Late last month (26th Sept.), I read a piece in the WSJ which started like this:
ROBERT S. "STEVE" MILLER, the chairman and
chief executive of auto supplier Delphi Corp., says he wakes up every
morning and wonders if he can stave off bankruptcy for another day.
After 12 weeks in the job, he is still finding reasons not to seek
court protection from creditors.
"I make a new judgment every
morning. Do we have enough time left? Are the parties ending up in a
way that might result reasonably in substantial transaction?" said Mr.
Miller, a veteran of bankruptcies at Bethlehem Steel Corp. and auto
supplier Federal-Mogul Corp., in an interview last week. "So far, I
think we might get this done, so I decide let's keep on trucking for
But now he is coming down to the wire. If the Troy,
Mich., company is going to file, Mr. Miller wants to do it before a new
U.S. bankruptcy law takes effect Oct. 17. The new law limits the
control that companies can exercise over their restructuring plans and
comes with untested regulations that could prompt lengthy court
battles. Mr. Miller says he doesn't want to be a "guinea pig" for the
When you read something like this, you know that it was just a matter of when the chapter 11 filing would take place. I don't think that most people realize that this is a BIG deal, and it just portends the shape of things to come for the US auto parts industry and OEMs.
Brad DeLong has reproduced the text of message sent by Steve Miller to the FT. Excerpts:
So what went wrong? Three things:
One: The spread between OEM labour costs and competitive supplier labour
costs has widened sharply over the past decade, driven by globalisation
and by rising health care costs.
Two: The sharp decline in GM market share has reduced GM North American
production volumes by a million units per year, from 5.5 million to 4.5
million units, in the last three years. The impact on Delphi has been to
reduce revenues by several billion dollars a year worth of parts. Given
our high fixed costs and inflexible labour costs, the result has been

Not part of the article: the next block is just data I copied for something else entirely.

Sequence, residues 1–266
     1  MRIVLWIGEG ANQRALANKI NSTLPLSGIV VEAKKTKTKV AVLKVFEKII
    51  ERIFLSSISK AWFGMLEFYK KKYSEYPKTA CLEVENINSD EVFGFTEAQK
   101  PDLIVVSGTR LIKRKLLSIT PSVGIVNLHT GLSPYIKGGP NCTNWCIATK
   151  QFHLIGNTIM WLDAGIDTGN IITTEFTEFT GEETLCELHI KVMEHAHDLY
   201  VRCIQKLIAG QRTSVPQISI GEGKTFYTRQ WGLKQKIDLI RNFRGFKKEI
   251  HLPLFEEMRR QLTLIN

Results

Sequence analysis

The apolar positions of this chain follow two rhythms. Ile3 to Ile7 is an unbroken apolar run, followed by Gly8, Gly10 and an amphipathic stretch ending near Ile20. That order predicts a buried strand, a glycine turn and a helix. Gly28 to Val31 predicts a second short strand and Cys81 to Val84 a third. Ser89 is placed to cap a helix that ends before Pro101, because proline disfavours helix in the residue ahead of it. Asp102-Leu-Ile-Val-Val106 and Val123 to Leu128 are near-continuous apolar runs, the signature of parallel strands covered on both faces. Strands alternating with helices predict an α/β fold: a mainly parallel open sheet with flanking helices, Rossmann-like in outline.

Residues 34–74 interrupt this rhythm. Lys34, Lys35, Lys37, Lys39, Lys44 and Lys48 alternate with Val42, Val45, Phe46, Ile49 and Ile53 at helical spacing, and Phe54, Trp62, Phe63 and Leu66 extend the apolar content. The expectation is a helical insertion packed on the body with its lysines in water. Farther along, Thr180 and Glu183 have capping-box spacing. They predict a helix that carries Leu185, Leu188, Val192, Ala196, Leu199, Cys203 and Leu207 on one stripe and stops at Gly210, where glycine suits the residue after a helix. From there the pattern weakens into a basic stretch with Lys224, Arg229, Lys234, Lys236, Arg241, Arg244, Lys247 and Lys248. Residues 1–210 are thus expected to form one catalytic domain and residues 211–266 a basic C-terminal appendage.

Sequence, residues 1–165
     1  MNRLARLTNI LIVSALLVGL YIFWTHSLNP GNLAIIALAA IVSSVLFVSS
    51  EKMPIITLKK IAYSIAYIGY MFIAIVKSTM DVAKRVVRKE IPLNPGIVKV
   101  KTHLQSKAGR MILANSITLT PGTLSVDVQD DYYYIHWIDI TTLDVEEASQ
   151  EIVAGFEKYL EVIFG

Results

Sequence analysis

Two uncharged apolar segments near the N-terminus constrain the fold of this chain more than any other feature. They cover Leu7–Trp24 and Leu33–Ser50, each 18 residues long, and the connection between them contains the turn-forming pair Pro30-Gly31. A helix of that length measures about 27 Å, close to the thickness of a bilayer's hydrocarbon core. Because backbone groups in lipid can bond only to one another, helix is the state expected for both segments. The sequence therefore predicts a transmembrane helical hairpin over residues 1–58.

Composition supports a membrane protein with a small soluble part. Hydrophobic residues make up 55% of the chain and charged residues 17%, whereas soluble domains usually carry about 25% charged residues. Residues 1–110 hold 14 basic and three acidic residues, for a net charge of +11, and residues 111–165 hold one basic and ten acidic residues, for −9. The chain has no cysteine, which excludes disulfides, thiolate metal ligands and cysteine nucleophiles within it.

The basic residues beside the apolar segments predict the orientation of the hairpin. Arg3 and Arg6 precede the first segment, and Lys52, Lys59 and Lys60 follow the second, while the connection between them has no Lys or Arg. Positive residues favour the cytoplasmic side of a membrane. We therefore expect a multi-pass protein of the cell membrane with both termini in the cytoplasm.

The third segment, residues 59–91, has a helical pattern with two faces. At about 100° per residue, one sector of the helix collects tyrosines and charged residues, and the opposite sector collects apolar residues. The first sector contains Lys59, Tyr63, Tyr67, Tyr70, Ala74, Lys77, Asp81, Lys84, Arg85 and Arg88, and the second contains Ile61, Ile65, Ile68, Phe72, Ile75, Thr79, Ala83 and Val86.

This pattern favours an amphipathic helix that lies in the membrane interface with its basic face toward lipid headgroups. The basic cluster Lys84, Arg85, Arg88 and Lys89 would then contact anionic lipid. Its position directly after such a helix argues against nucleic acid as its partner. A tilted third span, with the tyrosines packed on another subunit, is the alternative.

Three: The game plan for Delphi included 'flow-backs' to GM of excess
workers at Delphi freed up by improved productivity, The theory assumed
that GM would have plentiful openings due to retirements of its ageing
workforce. But GM's severe production declines have offset its own
workforce attrition, and it has had no room to accept excess Delphi
workers. Delphi has therefore had to pay 4,000 idled workers in its
'jobs bank' full pay and benefits amounting to about $100 million per
A big part of restructuring that takes place in the Chapter 11 process for Delphi will involve negotiations with UAW and other unions. The problems, however, don't end there. Steve Miller did not mess up his words:
Beyond Delphi, things are going to get messy for the Big-3 in coping
with all this. The current labour agreements expire in 2007, and it will
be a historical collision point for all these social and economic forces
that are at work. GM has already declared it can't wait til then to trim
its $80bn of accrued retiree health care obligations. Clearly, they are
headed down the same Chapter 11 path as Delphi, unless there is dramatic
change in their staggering legacy labour burden.
Everybody knows that both GM and Ford are in deep trouble. My personal opinion is that we are all going to have to get used to a lot smaller sized Ford and GM. Big-3 term will soon become a misnomer, if it has not already.
Delphi’s bankruptcy underscores the heavy lifting that still lies ahead for Corporate America and the US workforce. That, in turn, draws into question the relative restructuring premium that has benefited dollar-denominated assets over this period.
Moreover, there is good reason to believe that the US model will now
have to face some new and important challenges of its own -- not just
the pension time bomb symbolized by Delphi but also the downside of
another asset bubble, shifting political winds, new leadership at the
Fed, and the inevitable current account adjustment. This spells unrelenting pressure on US-centric global growth and asset allocation.
I guess, we can't worry about everything that might go wrong in the world, but the next couple of years are going to be rough. Hold tight.